LSAS Level 2, Clause 12 (Emergency Response) – The Organisation should have documented mitigation action plans in place that relate to significant Labour Standards risks as identified through the risk assessment as required by Level 1, Clause 3 (Labour Standards Review) or by other means. There should be evidence of review to ensure that the mitigation plans are robust, based upon findings and changing circumstances.

LSAS Level 2, Clause 13 (Performance Monitoring & Measurement) – There are no requirements within this clause for Level 1. For Level 2, has the company identified and defined data and performance indicators to monitor and measure performance against its stated objectives and targets, compliance with relevant legislation and any other requirements. Is there a process of internal audits to check conformance with planned arrangements that address critical control points and significant supply chain risks. Although as stated above there was no requirement for this clause at Level 1, this should have been partly addressed by Clause 3 (Labour Standards Review) and the risk assessment.

LSAS Level 2, Clause 14 (Corrective Action – There are no requirements within this clause for Level 1. For Level 2 a procedure is required and needs to address the identification, recording of non-conformities and potential non-conformities. That corrective actions as well as time scales for implementation are agreed and effectively implemented. That corrective and preventive actions are taken and reviewed and that root cause analysis has been undertaken. The requirements of Level 2 for this clause are almost the same as those defined within ISO 9001:2008.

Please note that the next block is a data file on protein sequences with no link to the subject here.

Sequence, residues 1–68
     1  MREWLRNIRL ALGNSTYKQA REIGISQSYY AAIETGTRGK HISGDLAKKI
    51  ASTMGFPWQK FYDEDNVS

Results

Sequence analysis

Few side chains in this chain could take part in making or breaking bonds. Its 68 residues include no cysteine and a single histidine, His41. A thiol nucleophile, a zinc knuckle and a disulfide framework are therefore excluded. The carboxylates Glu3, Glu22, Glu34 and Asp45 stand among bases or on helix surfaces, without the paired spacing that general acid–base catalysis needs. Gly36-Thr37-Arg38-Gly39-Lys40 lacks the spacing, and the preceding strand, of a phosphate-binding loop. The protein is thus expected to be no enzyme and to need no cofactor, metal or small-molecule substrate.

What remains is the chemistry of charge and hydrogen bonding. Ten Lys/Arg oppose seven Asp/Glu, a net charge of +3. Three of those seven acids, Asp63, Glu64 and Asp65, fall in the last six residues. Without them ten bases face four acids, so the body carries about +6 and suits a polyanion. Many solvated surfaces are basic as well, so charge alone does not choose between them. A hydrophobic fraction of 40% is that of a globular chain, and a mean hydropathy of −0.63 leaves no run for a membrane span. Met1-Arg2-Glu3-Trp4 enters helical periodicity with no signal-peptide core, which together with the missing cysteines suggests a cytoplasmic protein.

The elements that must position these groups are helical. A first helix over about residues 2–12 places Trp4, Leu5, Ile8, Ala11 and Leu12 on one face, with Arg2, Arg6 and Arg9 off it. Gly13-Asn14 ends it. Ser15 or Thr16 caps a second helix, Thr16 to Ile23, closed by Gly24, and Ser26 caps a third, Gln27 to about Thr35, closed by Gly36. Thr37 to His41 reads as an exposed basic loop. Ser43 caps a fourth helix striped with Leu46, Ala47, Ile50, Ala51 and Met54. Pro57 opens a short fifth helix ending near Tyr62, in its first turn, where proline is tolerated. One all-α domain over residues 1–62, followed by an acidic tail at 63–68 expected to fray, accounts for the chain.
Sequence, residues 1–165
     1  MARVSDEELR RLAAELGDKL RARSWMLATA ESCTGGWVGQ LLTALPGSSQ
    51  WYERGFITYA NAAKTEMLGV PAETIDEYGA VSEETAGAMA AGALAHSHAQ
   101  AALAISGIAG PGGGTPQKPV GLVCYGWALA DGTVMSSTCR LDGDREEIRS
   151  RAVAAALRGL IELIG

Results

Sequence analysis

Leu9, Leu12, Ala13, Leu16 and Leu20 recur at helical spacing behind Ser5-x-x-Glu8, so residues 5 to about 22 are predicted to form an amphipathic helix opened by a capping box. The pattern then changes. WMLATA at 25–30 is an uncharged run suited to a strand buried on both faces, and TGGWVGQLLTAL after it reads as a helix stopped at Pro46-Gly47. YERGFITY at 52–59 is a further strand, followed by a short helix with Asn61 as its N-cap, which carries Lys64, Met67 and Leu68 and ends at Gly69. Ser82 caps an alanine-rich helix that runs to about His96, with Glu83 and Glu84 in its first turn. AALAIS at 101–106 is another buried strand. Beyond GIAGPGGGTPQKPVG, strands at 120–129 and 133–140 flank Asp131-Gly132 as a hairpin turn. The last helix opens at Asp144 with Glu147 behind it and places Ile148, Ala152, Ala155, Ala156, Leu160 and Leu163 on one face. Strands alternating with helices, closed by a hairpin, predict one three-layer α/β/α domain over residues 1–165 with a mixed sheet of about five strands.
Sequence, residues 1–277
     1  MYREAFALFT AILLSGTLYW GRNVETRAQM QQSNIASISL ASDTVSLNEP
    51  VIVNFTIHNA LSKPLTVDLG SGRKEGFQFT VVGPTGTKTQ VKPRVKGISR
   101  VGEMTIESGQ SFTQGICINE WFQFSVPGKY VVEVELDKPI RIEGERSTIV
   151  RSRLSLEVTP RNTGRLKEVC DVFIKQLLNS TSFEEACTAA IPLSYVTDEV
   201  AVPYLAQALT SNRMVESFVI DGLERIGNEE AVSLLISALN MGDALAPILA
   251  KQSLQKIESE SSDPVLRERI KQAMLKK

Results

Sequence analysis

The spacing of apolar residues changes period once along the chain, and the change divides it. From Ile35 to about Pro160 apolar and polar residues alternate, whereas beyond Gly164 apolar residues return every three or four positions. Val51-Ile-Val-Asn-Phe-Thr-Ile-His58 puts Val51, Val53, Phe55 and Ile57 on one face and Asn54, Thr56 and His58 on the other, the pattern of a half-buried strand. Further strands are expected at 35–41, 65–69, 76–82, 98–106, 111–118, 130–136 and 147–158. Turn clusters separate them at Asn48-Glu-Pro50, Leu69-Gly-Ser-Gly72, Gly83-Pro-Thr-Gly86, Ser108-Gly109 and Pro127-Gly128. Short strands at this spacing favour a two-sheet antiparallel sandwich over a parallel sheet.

LSAS Level 2, Clause 15 (Management Review) – This is one of the most important activities of any management system and often it is the weakest. For Level 1 there was only a requirement for policies, etc to be formally approved. For this Level there needs to be evidence that top management have reviewed the organisation’s labour standards assurance system at planned intervals to ensure its continuing suitability, adequacy and effectiveness. Records of such reviews would need to be available for the auditor(s).